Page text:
Round the Moon

Page 43

Another consequence of this want of air is that absolute darkness reigns where the sun's rays do not penetrate. That which on earth is called diffusion of light, that luminous matter which the air holds in suspension, which creates the twilight and the daybreak, which produces the umbrae and penumbrae, and all the magic of chiaro-oscuro, does not exist on the moon. Hence the harshness of contrasts, which only admit of two colors, black and white. If a Selenite were to shade his eyes from the sun's rays, the sky would seem absolutely black, and the stars would shine to him as on the darkest night. Judge of the impression produced on Barbicane and his three friends by this strange scene! Their eyes were confused. They could no longer grasp the respective distances of the different plains. A lunar landscape without the softening of the phenomena of chiaro-oscuro could not be rendered by an earthly landscape painter; it would be spots of ink on a white page-- nothing more.

This aspect was not altered even when the projectile, at the height of 80@, was only separated from the moon by a distance of fifty miles; nor even when, at five in the morning, it passed at less than twenty-five miles from the mountain of Gioja, a distance reduced by the glasses to a quarter of a mile. It seemed as if the moon might be touched by the hand! It seemed impossible that, before long, the projectile would not strike her, if only at the north pole, the brilliant arch of which was so distinctly visible on the black sky.

Michel Ardan wanted to open one of the scuttles and throw himself on to the moon's surface! A very useless attempt; for if the projectile could not attain any point whatever of the satellite, Michel, carried along by its motion, could not attain it either.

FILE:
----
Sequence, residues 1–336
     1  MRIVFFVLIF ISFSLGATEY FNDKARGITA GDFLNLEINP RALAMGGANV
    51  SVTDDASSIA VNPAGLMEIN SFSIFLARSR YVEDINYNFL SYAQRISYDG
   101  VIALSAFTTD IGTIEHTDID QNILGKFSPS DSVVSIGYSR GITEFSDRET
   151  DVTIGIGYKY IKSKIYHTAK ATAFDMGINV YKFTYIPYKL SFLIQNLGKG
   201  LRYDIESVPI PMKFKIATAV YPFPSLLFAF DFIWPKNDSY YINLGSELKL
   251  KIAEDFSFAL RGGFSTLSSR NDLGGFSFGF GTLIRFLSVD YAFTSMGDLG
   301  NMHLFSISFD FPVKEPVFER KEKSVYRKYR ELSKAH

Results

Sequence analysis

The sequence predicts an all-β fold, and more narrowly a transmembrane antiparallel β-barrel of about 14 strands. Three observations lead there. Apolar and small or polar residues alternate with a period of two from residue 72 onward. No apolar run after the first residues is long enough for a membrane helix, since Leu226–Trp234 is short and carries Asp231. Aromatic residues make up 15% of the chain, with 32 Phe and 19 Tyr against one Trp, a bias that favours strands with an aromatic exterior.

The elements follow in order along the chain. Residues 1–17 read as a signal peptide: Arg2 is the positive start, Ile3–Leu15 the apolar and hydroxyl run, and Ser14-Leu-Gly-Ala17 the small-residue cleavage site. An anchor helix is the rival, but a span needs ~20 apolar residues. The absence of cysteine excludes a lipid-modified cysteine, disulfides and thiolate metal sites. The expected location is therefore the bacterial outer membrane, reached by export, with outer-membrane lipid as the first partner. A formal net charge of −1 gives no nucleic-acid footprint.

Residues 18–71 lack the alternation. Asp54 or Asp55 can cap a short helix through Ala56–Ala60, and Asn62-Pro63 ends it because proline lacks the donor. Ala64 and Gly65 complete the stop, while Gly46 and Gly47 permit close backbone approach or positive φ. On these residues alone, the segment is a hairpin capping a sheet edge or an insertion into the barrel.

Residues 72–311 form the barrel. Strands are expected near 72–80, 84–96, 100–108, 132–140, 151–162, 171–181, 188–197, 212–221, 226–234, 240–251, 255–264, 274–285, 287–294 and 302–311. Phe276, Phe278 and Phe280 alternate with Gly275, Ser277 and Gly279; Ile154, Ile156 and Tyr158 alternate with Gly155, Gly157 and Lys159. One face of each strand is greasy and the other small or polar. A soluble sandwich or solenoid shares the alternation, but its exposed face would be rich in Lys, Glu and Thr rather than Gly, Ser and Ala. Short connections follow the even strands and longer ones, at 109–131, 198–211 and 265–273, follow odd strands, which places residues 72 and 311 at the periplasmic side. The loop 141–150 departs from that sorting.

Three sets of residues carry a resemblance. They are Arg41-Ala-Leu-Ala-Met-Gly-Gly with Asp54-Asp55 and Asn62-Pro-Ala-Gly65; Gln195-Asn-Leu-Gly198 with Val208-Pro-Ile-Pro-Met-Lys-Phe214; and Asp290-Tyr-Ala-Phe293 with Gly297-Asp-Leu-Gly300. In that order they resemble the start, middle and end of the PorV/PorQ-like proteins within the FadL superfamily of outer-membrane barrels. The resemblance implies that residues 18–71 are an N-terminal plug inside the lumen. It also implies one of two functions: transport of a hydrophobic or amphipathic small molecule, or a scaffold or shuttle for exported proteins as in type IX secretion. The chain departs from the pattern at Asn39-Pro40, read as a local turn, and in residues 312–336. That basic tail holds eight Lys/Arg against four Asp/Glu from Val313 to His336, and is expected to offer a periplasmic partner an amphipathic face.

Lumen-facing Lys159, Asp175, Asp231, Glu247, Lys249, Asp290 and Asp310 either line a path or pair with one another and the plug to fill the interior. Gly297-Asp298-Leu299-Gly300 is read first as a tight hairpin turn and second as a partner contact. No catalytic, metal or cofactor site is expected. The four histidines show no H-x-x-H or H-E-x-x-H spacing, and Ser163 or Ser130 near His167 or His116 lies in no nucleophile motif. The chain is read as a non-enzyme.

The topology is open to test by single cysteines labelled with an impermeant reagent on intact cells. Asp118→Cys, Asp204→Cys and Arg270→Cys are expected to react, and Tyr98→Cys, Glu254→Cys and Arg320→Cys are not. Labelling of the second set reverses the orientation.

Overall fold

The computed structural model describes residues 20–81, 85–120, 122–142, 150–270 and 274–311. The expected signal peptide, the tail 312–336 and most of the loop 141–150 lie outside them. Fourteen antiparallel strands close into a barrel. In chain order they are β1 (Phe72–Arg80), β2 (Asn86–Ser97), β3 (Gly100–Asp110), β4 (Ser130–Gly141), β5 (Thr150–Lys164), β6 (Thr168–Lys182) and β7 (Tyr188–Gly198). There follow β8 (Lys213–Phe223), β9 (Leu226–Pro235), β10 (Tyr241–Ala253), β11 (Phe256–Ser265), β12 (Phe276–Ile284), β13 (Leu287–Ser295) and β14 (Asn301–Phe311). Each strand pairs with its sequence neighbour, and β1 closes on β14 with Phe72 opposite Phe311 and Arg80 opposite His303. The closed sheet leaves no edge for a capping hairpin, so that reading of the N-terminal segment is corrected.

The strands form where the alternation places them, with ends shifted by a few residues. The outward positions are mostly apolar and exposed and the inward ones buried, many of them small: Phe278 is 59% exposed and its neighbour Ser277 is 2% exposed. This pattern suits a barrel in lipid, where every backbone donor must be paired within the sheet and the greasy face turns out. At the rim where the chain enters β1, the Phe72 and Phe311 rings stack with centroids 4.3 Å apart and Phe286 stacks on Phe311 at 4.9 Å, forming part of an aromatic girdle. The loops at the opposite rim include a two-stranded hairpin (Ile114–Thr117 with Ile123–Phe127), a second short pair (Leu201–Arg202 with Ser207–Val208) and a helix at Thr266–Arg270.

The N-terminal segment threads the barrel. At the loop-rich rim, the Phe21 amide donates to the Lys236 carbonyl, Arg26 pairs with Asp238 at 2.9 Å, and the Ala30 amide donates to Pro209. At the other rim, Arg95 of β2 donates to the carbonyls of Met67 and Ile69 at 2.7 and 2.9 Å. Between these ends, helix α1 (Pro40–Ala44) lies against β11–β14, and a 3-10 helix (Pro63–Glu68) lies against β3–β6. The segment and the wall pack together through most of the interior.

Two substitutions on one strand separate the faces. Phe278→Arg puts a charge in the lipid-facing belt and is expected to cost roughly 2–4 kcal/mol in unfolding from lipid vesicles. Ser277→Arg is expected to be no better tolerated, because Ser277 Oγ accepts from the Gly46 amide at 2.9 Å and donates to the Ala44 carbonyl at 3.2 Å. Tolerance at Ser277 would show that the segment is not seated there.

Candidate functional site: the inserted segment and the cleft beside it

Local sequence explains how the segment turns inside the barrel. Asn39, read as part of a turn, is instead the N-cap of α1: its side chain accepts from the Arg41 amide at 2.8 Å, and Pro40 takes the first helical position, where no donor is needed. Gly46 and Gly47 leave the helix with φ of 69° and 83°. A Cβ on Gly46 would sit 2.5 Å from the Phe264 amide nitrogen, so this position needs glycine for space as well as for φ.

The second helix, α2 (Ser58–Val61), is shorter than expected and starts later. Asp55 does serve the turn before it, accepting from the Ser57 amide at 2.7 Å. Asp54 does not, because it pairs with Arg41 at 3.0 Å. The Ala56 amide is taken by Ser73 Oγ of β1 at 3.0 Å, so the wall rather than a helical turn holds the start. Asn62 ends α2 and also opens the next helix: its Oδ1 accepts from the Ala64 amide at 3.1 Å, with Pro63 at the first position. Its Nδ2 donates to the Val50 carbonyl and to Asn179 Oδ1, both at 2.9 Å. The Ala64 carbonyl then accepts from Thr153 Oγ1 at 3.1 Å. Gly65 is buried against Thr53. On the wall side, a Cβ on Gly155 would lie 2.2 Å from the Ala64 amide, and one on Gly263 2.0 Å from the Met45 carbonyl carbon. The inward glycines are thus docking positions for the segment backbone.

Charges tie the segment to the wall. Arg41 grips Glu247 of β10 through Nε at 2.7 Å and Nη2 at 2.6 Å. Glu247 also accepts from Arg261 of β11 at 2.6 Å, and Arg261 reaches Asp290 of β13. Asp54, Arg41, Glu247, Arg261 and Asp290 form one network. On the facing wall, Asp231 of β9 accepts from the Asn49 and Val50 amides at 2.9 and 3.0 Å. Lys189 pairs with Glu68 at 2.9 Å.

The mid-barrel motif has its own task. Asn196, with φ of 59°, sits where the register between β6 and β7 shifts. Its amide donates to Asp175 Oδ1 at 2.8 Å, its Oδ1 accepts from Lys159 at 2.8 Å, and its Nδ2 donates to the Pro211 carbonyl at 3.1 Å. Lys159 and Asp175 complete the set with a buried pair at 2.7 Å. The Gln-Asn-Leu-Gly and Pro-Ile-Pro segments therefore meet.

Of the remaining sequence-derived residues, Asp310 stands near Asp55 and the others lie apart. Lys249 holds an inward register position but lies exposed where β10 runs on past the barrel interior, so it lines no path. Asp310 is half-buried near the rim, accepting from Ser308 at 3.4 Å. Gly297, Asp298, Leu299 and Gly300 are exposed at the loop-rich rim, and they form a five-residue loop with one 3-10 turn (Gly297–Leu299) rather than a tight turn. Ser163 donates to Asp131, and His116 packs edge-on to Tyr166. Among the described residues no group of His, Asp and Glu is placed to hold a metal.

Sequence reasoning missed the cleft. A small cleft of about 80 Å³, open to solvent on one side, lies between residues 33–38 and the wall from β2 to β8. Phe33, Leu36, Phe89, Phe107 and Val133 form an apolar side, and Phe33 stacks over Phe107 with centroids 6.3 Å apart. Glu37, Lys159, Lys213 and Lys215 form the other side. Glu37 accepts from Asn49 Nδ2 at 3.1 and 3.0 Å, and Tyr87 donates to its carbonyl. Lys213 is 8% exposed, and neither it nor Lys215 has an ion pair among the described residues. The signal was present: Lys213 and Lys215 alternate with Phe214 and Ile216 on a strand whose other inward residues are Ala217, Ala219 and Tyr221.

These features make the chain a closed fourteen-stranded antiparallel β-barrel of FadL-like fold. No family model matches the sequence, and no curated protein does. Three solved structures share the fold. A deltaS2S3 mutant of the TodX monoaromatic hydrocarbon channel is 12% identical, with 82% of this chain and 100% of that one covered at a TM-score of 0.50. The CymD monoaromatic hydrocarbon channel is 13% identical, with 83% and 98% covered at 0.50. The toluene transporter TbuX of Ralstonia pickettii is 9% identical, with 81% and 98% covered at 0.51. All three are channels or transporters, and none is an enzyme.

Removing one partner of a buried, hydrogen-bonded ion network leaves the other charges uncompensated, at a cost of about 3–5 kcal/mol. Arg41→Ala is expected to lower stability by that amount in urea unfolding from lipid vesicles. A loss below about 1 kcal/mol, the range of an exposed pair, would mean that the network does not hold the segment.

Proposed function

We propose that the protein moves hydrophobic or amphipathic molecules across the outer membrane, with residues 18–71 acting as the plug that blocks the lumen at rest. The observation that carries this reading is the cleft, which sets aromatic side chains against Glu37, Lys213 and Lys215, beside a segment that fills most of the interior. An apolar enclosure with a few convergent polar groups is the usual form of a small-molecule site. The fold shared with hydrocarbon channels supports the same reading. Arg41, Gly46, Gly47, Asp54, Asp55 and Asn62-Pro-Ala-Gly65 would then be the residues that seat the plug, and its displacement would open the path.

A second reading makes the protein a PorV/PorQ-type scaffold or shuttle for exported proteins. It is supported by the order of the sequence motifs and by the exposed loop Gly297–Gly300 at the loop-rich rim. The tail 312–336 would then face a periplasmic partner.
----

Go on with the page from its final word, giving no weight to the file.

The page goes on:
At that moment, at six o'clock, the lunar pole appeared. The disc only presented to the travelers' gaze one half brilliantly lit up, while the other disappeared in the darkness. Suddenly the projectile passed the line of demarcation between intense light and absolute darkness, and was plunged in profound night!

CHAPTER XIV

THE NIGHT OF THREE HUNDRED AND FIFTY-FOUR HOURS AND A HALF

At the moment when this phenomenon took place so rapidly, the projectile was skirting the moon's north pole at less than twenty-five miles distance. Some seconds had sufficed to plunge it into the absolute darkness of space. The transition was so sudden, without shade, without gradation of light, without attenuation of the luminous waves, that the orb seemed to have been extinguished by a powerful blow.

"Melted, disappeared!" Michel Ardan exclaimed, aghast.

Indeed, there was neither reflection nor shadow. Nothing more was to be seen of that disc, formerly so dazzling. The darkness was complete. and rendered even more so by the rays from the stars. It was "that blackness" in which the lunar nights are insteeped, which last three hundred and fifty-four hours and a half at each point of the disc, a long night resulting from the equality of the translatory and rotary movements of the moon. The projectile, immerged in the conical shadow of the satellite, experienced the action of the solar rays no more than any of its invisible points.

In the interior, the obscurity was complete. They could not see each other. Hence the necessity of dispelling the darkness. However desirous Barbicane might be to husband the gas, the reserve of which was small, he was obliged to ask from it a fictitious light, an expensive brilliancy which the sun then refused.

"Devil take the radiant orb!" exclaimed Michel Ardan, "which forces us to expend gas, instead of giving us his rays gratuitously."

"Do not let us accuse the sun," said Nicholl, "it is not his fault, but that of the moon, which has come and placed herself like a screen between us and it."

"It is the sun!" continued Michel.

"It is the moon!" retorted Nicholl.

An idle dispute, which Barbicane put an end to by saying:

"My friends, it is neither the fault of the sun nor of the moon; it is the fault of the projectile, which, instead of rigidly following its course, has awkwardly missed it.

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Jules Verne

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